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Fast Distributed History Buffer Restore of Partially Written Data to a GPR in A Multislice Microprocessor

IP.com Disclosure Number: IPCOM000250304D
Publication Date: 2017-Jun-26
Document File: 5 page(s) / 662K

Publishing Venue

The IP.com Prior Art Database

Abstract

In a microprocessor, load instructions may access data that is unaligned and spread across multiple data-cache blocks. Each cache block may broadcast only a portion of the data back to the register file array as a ‘partial write’. Typically, when the next piece of data becomes available, the previously-written incomplete data is read out, merged with the incoming data, and then rewritten into the register file array as a full set of data. ECC is generated along with each write operation to compensate for array read errors. However, this read-modify-write process is inefficient and complex. This paper describes a new mechanism for ECC generation on partial data writes, allowing enhancements to flush-recovery for entries with partially written data.

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Fast Distributed History Buffer Restore of Partially Written Data to a GPR in A Multislice Microprocessor

Background: Instructions in a microprocessor can execute and write their results to a multitude of destinations.

These destinations may include register mappers, issue queues, reservation stations, and history

buffers.

Figure 1 shows an example processor, where instructions are fetched from the instruction cache (I$), buffered and dispatched to execution slices. The Data Cache (DCache) is partitioned among the execution slices, with a network allowing any execution slice to talk to any LSU DCache block.

Figure 1: Multislice processor

The DCache is partitioned into blocks that are Double Word (DW) aligned, with one block per

execution slice. Each DCache block can return Load data on a separate result bus. This allows load

instructions to issue from any execution slice and access any DCache block. When a Load access is

unaligned and has to access multiple DCache blocks, the Load Data will return from multiple LSU

DCache blocks on multiple result buses. Each result bus will have partial Load data. Figure 2 shows an

unaligned load, requesting data from two DCache blocks. Each DCache block broadcasts data back to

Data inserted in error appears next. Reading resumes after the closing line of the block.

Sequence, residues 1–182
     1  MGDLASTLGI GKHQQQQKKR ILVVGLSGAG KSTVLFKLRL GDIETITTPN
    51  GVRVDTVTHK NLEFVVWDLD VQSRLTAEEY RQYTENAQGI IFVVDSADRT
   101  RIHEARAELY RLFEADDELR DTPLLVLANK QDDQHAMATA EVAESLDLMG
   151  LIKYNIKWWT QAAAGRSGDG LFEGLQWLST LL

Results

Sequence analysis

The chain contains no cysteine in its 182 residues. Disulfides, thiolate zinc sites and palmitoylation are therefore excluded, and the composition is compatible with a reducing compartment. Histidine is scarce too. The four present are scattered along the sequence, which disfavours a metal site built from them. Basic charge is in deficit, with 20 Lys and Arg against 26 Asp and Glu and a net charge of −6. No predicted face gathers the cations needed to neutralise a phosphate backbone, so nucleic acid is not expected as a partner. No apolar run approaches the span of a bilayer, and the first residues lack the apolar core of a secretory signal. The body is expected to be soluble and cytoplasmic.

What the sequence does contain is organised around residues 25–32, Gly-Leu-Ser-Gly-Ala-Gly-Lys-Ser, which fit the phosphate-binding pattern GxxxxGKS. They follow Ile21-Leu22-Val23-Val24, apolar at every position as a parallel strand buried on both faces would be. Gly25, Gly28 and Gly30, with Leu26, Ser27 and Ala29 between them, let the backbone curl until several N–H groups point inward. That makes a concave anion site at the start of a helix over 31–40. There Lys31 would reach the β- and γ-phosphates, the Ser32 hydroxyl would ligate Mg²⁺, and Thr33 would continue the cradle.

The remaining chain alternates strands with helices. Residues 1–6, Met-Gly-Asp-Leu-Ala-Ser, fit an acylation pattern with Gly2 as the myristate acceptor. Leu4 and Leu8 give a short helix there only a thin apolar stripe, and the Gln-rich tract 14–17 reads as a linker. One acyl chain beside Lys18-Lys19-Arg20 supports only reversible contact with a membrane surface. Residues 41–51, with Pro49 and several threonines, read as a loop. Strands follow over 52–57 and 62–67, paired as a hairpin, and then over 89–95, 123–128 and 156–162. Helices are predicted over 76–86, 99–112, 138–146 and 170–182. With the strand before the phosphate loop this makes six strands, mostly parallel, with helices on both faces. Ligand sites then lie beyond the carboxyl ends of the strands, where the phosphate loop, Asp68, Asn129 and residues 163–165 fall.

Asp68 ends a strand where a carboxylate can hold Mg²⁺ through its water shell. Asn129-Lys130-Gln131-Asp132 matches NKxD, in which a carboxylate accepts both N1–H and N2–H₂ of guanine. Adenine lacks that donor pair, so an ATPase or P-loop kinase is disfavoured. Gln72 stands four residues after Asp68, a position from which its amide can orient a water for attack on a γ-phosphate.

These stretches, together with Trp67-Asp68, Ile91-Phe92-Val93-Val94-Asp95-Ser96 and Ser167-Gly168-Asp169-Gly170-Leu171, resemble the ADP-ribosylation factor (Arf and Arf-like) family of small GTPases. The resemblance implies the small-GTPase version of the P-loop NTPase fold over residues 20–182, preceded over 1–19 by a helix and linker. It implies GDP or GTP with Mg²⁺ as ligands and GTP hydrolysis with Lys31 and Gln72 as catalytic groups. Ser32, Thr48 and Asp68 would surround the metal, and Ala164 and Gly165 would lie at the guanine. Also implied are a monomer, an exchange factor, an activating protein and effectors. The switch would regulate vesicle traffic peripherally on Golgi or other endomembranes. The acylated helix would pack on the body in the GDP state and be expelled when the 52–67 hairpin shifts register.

all the execution slices.

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Figure 2: LSU writeback

The LSU DCache blocks can return the partial data result busses at different times, thus each writeback destination needs to be able to write each byte independently, rather than writing all 8- bytes at once. A writeback byte-mask is broadcast from the LSU slices to the execution slices, and tells each location which bytes are valid to be written. For the purposes of this paper, we are only concerned with array destinations, because arrays require ECC calculations. These arrays are located in the Mappers and the History Buffers.

ECC generation:

ECC (error-correcting code) allows the processor to detect and correct single-bit errors in data from the array. The ECC mechanism can correct single-bit errors and regenerate the data from a corrupted memory cell. Multi-bit errors are detected and reported, but are uncorrectable.

ECC is generated on the data before it writes into the array. When an entry is read from the array, the ECC value is also read out from the array. New ECC is generated on the read-data and compared against the ECC value that was stored in the array. This comparison indicates whether there was no error, a correctable (single-bit) error, or uncorrectable (multi-bit) error in the array.

Figure 3: ECC generation during Array write

New Idea:

In a microprocessor, data is partially written into storage because only a portion of the data is available. When the next piece of data becomes available, the written data is read out, merged with the incoming data, and then rewritten into memory as a full set of data. However, read-modify-write is inefficient and complex.

Since an entry of the Register File or History Buffer array can be written multiple times, each time with a pa...